Odessa Stories by Isaac Babel, translated and introduced by Boris Dralyuk
I first became aware of the importance of the Russian writer Isaac Babel (1895 to 1940, Odessa) in reading the only book worth reading on the short story The Lonely Voice: A study of the Short Story by Frank O'Connor. Now years later I do not think O'Connor was culturally equipped to place Babel in the context of Russian Jewish, especially Yiddish culture. Sometime ago I was given a great gift by Yale University Press, their comolete set of works of Yiddish literature in translation. In his illuminating introduction Boris Dralyuk explains the relationship between Russian as employed by the very large Jewish community in Odessa and Yiddish. In Odessa Stories Dralyuk has assembled all of Babel's set in Odessa short stories. Most focus on the struggles of Jews to survive in a society in which their rights were few and in which they were deeply, constantly in danger from anti-Jewish pograms.
I decided to begin my complete reading of Odessa Stories with "The Story of My Dovecote" because Dralyuk said it very poignantly depicts the impact of anti-Jewish feelings on the life of a young Jewish man. The father of the young man desperately wanted him to get in the top secondary school in Odessa. The quota for Jewish students was five percent. When he got in the whole family, but for the cautious mother, went wild celebrating. Then his dreams are seemingly crushed when a rich merchant bribes the school so his son can be admitted and he loses his place. I do not want to give away more of the rich plot. Babel brings the family and the community to life. The story does close in a crescendo of anti-Jewish violence.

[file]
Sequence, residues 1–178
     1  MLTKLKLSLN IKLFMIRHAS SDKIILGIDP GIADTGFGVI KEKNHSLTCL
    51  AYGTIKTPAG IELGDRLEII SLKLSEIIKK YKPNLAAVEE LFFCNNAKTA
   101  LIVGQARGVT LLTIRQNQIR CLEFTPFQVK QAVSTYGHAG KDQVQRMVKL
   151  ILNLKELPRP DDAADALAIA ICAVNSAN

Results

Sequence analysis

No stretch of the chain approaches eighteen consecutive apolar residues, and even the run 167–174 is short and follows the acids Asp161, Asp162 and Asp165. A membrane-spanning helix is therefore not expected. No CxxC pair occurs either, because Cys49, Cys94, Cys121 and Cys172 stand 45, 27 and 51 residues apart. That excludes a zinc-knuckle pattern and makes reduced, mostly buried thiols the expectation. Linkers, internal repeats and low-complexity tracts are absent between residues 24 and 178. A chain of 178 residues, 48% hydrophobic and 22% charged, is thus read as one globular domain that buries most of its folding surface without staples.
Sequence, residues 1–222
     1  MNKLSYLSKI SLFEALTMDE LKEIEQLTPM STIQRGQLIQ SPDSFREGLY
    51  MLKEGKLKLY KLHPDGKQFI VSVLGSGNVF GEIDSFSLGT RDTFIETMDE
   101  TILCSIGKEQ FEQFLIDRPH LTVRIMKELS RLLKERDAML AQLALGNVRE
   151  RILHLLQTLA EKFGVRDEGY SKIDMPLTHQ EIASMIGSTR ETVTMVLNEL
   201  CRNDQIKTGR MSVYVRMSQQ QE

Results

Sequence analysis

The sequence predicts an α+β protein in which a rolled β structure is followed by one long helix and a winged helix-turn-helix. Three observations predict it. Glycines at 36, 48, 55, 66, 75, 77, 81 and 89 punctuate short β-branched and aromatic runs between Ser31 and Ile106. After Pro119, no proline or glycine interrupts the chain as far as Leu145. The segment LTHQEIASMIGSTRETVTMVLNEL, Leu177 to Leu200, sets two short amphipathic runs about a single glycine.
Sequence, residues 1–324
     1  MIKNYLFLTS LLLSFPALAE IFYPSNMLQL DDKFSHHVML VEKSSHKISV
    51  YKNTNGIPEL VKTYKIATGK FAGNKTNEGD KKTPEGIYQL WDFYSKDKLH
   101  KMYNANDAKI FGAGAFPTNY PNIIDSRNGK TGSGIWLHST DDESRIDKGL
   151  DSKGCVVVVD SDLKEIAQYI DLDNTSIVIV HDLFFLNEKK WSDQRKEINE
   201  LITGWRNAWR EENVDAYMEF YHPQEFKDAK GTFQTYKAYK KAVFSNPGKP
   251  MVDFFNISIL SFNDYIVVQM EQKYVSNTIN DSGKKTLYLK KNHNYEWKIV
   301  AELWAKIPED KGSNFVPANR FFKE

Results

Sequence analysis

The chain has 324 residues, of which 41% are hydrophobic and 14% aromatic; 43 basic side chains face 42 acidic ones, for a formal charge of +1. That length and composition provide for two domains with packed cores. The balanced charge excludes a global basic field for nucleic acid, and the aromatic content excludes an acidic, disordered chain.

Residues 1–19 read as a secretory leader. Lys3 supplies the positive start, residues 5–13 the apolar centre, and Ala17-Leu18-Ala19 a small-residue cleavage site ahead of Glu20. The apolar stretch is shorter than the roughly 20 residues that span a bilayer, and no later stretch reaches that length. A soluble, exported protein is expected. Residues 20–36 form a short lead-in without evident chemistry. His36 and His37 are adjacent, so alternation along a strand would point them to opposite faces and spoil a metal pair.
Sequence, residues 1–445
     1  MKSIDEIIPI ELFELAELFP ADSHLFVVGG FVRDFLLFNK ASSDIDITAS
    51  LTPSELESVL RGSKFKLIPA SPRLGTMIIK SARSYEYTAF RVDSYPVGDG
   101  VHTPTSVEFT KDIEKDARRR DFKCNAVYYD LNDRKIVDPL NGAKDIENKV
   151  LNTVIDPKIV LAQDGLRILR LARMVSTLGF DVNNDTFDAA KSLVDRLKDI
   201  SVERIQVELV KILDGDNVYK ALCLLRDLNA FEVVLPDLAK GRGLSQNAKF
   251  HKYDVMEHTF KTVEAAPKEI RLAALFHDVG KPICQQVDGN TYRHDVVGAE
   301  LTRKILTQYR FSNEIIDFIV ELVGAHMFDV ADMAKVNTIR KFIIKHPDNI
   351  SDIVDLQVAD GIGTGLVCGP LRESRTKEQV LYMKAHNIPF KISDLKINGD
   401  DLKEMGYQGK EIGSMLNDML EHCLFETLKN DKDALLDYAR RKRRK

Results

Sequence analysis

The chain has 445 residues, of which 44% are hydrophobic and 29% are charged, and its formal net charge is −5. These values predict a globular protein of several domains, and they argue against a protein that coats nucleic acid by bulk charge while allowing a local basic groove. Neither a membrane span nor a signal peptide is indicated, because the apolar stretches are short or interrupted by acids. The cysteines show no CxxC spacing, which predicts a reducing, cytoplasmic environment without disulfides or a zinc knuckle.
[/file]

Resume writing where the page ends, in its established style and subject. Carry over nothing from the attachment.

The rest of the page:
For sure I will read all of Odessa Stories, about 260 pages.
Dralyuk has done a wonderful job editing, translating, and introducing Odessa Stories. I offer him the thanks of the reading life world.
Be sure and look at Dralyuk's very well done webpage
‘The Story of My Dovecote’was First published in the journal Krasnaia nov’, No. 4 (May 1925). Reprinted in the Odessa journal Shkval (Squall), No. 17 (May 1925), and in three issues of the daily Krasnaia gazeta (Red Newspaper), 18–20 May 1925.